The identification of genomic signatures for low-grade and high-grade breast disease provides new insights into the heterogeneity of breast cancer. Under current models of disease progression, low-grade and high-grade breast carcinomas develop independently along different genetic pathways, thus consideration of breast disease without regard to tumor grade may mask molecular (or environmental) factors specific to one grade.20 For example, grade 1 DCIS has been shown to exhibit a significantly lower overall frequency of chromosomal changes than low-grade (well-differentiated) invasive carcinomas, but no individual chromosomal regions effectively differentiate low-grade in situ from invasive disease. In contrast, high-grade (poorly-differentiated) invasive tumors did not show significantly higher levels of AI than grade 3 DCIS, but AI events at specific chromosomal regions (1p36 and 11q23) were significantly more frequent in high-grade invasive tumors compared to high-grade DCIS.29 Lower levels of AI in low-grade in situ lesions compared to low-grade invasive carcinomas may reflect the protracted time-to-progression associated with low-grade DCIS. Likewise, increased levels of AI at 1p36 and 11q23 in high-grade carcinomas suggest that these chromosomal regions may harbor genes associated with invasiveness. Therefore, consideration of histological grade when analyzing genetic data has the potential to identify molecular changes associated with invasion and to define molecular signatures of aggressive behavior for low-grade and high-grade disease.
Stratification of low-grade and high-grade breast carcinomas into separate molecular diseases is based on the high frequency of alterations observed for chromosome 16 in low-grade tumors and a low frequency of 16q alterations in high-grade tumors. To localize genes involved in low-grade IDCA, and to refine regions of chromosome 16 that may be important to the development of high-grade disease, Roylance et al characterized 40 low-grade (grade 1) and 17 high-grade (grade 3) IDCA using CGH with nearly contiguous coverage of chromosome 16q.30 The majority of low-grade tumors showed large deletions of 16q, while high-grade tumors were more frequently characterized by multiple, small chromosomal alterations, including copy number gains in this region. Because many regions demonstrated loss and gain of certain sections, chromosome 16q may be inherently unstable and many of these regions may contain secondary, rather than causative, alterations. Based on this data, and the identification of copy number gains not previously detected, Roylance et al30 suggest that loss of chromosome 16q is an early event in the development of low-grade tumors, and postulate that high-grade carcinomas evolve from low-grade tumors by the accumulation of subsequent chromosomal alterations, such as small breaks and amplifications. These observations question the role of chromosome 16q deletions as the key to defining low- and high-grade genetic pathways of development.
The Nottingham grading system, used to assign histological grade to invasive carcinomas, does not adequately describe internal variation in the degree of differentiation within tumors. Although most pathologists rely on nuclear grade, either alone or in combination with central necrosis, to classify DCIS, one recent attempt to quantify histological diversity in 120 pure DCIS lesions found that ~46% of cases showed localized variability in histological grade. Nearly one-third of lesions with internal grade differences demonstrated further diversity for a panel of immunohistochemistry markers including ER, GATA-binding protein 3 (GATA3), and HER2.31 The authors concluded that higher-grade DCIS gradually evolve from lower-grade in situ lesions by random accumulation of genetic mutations. These studies hypothesize that low-grade and high-grade breast carcinomas are not necessarily unique genetic diseases. Under this model, cells with the most aggressive/poorly-differentiated characteristics tend to become the dominant cell type during progression from low-grade to high-grade carcinomas.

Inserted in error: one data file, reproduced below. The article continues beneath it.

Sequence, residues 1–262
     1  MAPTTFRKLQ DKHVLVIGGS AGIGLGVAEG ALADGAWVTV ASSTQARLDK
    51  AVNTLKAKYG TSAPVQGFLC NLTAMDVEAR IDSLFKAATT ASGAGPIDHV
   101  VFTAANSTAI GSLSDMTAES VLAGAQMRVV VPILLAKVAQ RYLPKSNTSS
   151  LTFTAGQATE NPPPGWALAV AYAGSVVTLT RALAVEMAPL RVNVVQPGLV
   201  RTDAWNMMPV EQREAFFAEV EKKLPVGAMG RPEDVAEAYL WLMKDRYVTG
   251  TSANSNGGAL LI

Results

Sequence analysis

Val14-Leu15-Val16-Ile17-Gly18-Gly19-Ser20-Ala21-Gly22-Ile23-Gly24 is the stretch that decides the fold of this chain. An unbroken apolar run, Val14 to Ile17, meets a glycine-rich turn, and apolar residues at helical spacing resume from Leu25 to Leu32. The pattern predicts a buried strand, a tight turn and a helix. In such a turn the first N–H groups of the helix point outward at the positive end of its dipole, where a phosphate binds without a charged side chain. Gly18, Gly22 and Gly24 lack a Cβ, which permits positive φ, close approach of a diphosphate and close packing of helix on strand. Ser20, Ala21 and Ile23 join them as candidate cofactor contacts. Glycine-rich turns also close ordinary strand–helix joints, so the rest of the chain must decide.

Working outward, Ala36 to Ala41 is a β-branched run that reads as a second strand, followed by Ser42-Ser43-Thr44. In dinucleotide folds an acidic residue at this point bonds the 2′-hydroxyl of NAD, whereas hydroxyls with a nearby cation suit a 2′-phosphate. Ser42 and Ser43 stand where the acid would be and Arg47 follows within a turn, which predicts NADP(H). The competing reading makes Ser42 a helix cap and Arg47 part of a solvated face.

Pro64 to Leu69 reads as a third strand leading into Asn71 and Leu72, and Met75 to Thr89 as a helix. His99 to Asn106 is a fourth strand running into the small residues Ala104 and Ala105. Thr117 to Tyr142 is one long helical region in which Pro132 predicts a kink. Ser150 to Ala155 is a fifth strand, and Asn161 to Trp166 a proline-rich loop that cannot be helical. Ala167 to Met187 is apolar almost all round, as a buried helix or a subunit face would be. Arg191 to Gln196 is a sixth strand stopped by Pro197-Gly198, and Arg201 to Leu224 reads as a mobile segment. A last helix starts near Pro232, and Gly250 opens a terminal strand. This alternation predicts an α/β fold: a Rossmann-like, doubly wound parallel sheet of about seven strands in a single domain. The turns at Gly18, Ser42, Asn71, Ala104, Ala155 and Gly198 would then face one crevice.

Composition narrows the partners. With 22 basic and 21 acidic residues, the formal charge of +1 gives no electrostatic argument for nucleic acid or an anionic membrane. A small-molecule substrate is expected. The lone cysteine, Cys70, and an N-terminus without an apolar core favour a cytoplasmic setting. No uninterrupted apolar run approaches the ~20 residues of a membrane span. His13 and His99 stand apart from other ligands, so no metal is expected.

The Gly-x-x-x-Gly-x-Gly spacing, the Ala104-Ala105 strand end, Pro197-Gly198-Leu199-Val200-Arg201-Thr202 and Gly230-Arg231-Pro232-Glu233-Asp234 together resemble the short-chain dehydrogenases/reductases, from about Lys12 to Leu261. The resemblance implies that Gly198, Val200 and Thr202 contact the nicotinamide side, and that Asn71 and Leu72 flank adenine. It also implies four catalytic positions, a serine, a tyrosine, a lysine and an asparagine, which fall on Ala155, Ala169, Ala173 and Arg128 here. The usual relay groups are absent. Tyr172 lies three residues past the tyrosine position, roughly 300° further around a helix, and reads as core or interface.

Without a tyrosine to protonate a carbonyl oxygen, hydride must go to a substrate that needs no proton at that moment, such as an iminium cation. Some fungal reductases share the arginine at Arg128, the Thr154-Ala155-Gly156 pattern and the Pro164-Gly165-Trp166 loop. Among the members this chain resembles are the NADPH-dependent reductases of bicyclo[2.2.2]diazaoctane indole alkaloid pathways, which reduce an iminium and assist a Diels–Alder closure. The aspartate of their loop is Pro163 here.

Molecular and pathological changes have been associated with low-grade and high-grade breast carcinomas, which represent the extremes of histological differentiation. Conversely, development of a model for intermediate-grade breast tumors presents a particular challenge because intermediate-grade carcinomas contain a blend of histological features common to both low-grade (well-differentiated) and high-grade (poorly-differentiated) tumors. Because carcinomas with intermediate-grade histology represent 30%–60% of all invasive breast cancers, improved understanding of the genetics of these tumors is critical in determining the optimum course of treatment for the large group of patients with intermediate pathological features.32
Patterns of genetic changes usually do not differ significantly between intermediate-grade and high-grade carcinomas, supporting the idea that intermediate-grade invasive breast tumors develop from either grade 2 or grade 3 DCIS. Further studies of genomic alterations in breast tumors of different histological grades have shown that although genetic changes were more frequent in grade 3 tumors, alterations of one specific chromosomal region (16q) were significantly lower (P < 0.01) in high-grade (26%) compared to intermediate-grade (54%) tumors.33 Thus it appears that intermediate-grade carcinomas may represent a mixture of histological characteristics and may develop along two independent genetic pathways, one characterized by loss of chromosome 16q, few genomic alterations, and high rates of diploidy, while the other pathway is characterized by high homology with high-grade tumors.
In our ongoing studies of intermediate-grade breast carcinomas, we observed that clinicopathological characteristics and overall levels of genomic alterations in grade 2 tumors were generally intermediate compared to low-grade and high-grade disease.23 Specifically, 47% of the intermediate-grade tumors showed patterns of genomic alterations similar to high-grade tumors, while 11% had a low-grade signature where AI was detected only at chromosome 16q. Of note, 24% of cases showed genetic features representing a mixture of low-grade and high-grade disease, while 18% had a unique genomic profile not observed in either high- or low-grade tumors. These data suggest that intermediate-grade carcinomas should not be classified as a discrete disease type, but represent a blend of low-grade and high-grade diseases.